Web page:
Latest report from BBC Newsround reports 3/4 of children aged 10-12 have a social media profile
Put simply 75% of children are breaking legal terms and conditions, a shockingly high number. As we know once the 50% mark is reached it is very difficult for parents not to bow to peer pressure as they do not want their children to miss out or be labelled as “uncool”. The problem is self perpetuating resulting in such high levels of young children using age inappropriate apps. Why is it that in the online world such terms and conditions are just blithely ignored?
The online and offline world seem to operate with very different sets of instructions. A recent straw poll saw 100% of year 5 and 6 children say they had watched or played a game with a rating of 18. When posed the same question with regards to films only 3 hands went up. Despite all the good work that goes on with organisations such as NSPCC, PEGI, SwGfL to name but a few the message is clearly not getting through to parents or children. How do educational professionals deal with this, as the saying goes “You can take a horse to water but you can’t make it drink”. E-safety seminars within schools are notorious for low attendance, with parents either deliberately or naively turning a blind eye.
In the Ofcom report on Children’s media use parents cited the main reason they did not, for example use safe search, was because they trusted their children. Trust is not enough, children must be protected. There is a difference between “trust” and “protection”. We need to educate parents that even if you “trust” your child you still need to protect them. Children wear cycling helmets – this is not because we don’t “trust” them to fall off their bikes – it is because we want to protect them.
For the first time, children are now spending more time on the Internet than watching TV and are accessing content unsupervised at an increasingly younger age, so rather than turning a blind eye, parents should be actively discussing Internet use with their children. If parents are familiar with the online playground their children are in, they will at least have some notion of the potential risks. And once they do know where their children are hanging out, they then have the opportunity to suggest safer alternatives such as ChatFOSS. Afterall, we don’t want to prevent young people from learning how to use social media properly as it is integral to modern life. By showing them safer alternatives which teach them the principles without the risks, it’s like teaching them to ride a bike with stabilisers.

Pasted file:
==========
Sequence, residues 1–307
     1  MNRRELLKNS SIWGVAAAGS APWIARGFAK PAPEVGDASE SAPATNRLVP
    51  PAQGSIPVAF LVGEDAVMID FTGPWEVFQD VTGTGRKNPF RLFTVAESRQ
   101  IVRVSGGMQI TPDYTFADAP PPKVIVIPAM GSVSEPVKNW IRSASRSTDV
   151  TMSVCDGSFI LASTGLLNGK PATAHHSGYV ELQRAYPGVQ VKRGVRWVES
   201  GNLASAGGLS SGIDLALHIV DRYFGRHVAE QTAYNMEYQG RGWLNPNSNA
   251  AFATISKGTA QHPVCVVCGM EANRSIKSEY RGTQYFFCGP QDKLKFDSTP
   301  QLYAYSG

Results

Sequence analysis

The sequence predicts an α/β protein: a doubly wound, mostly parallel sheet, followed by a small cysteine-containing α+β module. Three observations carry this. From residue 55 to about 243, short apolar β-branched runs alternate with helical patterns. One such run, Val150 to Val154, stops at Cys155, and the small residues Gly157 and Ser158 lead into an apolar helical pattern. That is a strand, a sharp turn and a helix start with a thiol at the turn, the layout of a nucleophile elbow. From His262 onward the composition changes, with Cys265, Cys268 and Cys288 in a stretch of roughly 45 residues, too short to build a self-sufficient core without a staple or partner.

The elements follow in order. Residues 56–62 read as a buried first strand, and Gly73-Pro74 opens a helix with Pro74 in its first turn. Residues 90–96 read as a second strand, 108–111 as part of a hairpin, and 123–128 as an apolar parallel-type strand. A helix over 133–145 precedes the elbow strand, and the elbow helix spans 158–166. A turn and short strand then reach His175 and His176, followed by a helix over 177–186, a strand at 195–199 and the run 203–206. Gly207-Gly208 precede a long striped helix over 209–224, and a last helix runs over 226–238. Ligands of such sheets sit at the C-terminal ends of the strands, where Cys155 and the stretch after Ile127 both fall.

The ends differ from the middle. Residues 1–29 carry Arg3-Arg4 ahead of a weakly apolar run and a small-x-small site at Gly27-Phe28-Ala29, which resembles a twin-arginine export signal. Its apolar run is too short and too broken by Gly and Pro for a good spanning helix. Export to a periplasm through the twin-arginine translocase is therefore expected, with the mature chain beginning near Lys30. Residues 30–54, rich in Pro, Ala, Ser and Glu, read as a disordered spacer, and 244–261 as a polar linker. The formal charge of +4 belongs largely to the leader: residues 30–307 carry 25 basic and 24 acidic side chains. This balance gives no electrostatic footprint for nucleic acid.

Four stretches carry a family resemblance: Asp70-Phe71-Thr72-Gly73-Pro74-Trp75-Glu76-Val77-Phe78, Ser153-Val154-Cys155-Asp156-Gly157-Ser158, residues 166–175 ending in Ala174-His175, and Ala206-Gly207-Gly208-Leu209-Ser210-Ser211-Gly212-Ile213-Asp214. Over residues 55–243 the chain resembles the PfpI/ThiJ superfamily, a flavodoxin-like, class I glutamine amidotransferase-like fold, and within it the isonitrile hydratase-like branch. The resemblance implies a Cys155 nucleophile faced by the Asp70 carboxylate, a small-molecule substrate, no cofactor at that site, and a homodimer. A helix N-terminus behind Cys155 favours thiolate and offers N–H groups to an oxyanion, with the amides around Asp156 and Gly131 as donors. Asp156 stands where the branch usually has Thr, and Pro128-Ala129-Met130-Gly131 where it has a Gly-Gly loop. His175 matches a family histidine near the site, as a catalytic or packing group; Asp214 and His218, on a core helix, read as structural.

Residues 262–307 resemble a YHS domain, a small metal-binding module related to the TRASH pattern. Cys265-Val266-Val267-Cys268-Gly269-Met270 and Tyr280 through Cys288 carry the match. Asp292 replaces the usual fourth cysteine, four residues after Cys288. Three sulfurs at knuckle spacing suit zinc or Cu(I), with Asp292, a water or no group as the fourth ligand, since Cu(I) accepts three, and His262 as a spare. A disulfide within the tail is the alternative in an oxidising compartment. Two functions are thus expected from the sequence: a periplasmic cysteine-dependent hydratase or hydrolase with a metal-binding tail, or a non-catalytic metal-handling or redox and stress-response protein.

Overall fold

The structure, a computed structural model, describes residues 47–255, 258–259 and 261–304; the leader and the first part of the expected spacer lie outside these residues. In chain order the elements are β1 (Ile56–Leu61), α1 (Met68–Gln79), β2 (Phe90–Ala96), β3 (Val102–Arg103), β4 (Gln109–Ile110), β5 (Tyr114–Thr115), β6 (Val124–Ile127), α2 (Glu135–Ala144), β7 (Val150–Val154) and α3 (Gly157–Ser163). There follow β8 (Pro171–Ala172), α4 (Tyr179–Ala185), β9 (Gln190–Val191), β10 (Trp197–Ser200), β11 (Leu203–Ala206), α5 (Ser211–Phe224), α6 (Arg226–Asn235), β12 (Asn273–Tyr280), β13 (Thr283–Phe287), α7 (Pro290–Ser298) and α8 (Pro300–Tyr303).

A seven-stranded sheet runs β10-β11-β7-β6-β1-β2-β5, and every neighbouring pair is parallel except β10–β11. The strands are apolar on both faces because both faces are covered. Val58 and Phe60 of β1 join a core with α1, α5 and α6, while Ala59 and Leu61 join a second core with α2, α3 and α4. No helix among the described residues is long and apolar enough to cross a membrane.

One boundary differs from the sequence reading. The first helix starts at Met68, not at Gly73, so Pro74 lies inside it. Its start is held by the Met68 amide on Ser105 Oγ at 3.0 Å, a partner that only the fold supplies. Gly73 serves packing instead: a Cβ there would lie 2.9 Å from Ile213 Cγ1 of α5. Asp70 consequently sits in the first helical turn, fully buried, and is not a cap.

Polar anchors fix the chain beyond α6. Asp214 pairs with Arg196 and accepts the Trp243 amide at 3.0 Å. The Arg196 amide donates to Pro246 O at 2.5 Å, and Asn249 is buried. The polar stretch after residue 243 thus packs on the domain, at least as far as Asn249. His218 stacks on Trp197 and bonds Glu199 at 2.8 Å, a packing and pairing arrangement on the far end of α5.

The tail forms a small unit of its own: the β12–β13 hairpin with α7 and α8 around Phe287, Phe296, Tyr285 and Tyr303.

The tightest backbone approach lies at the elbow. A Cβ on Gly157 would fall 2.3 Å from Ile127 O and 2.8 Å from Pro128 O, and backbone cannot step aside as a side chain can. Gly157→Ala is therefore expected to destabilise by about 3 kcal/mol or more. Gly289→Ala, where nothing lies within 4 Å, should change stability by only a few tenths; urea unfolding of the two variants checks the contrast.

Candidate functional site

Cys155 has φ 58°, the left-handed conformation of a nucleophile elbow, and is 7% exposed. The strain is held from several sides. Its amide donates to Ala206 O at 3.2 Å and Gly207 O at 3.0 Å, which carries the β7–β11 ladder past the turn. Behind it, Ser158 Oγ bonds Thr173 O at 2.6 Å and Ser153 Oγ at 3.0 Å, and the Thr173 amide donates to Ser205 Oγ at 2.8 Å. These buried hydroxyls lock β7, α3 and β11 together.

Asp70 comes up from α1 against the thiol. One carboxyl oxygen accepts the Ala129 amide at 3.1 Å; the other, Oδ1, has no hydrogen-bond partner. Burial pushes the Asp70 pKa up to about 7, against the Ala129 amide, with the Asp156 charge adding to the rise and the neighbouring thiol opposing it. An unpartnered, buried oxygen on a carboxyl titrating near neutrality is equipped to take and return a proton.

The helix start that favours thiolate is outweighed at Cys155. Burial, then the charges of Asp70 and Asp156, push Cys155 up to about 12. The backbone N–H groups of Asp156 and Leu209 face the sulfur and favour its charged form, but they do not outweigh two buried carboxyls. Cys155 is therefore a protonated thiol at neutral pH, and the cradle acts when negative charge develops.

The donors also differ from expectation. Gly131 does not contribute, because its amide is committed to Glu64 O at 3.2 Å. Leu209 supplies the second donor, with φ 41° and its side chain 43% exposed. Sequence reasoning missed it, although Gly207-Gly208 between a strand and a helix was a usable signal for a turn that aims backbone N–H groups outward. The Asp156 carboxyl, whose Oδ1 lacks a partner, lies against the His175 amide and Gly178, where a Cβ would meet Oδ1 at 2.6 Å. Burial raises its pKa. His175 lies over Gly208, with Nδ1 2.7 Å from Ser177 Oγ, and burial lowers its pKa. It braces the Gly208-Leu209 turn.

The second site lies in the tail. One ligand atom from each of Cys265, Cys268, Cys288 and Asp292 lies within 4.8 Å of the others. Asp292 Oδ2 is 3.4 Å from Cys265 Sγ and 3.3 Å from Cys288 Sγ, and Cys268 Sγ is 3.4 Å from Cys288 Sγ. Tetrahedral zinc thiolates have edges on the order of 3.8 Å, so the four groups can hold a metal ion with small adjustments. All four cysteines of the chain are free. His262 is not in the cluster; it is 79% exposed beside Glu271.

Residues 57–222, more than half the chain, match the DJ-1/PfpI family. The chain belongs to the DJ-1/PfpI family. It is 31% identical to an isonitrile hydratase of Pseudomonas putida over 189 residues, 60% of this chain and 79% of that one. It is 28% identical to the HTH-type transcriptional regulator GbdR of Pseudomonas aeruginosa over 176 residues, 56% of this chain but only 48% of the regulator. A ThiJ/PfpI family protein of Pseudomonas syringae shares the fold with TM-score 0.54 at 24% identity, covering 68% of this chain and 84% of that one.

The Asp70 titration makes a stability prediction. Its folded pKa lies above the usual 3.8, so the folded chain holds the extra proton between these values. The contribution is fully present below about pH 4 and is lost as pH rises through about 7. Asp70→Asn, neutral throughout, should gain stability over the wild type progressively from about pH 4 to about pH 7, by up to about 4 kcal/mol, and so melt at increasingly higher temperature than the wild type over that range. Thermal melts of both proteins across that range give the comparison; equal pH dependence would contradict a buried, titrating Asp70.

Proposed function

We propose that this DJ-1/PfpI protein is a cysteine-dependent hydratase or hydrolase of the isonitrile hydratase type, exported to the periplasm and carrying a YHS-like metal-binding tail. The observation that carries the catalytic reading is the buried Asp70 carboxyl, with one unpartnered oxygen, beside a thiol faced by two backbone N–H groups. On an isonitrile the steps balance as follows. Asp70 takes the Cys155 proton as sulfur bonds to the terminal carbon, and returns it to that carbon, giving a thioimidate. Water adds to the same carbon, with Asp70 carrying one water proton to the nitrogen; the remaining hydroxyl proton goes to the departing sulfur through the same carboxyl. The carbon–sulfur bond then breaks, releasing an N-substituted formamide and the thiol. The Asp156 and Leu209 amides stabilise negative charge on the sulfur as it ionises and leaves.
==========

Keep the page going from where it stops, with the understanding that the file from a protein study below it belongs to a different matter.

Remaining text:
Happily, the majority of underage usage of apps such as Instagram, twitter and facebook is entirely innocent, however that does not mean such usage does not bring with it risks. The reported increase in mental health issues that is being attributed to social media seems to have no impact on parental decisions. Can the recent Newsround report stating that 37% of children who use social media underage are friends with someone they have never met encourage parents to be more involved in e-safety? I hope so.
We would like to thank our latest guest blogger, Alicia Coad, for her thoughts on this topic. To find out more about Alicia and ChatFOSS, click here.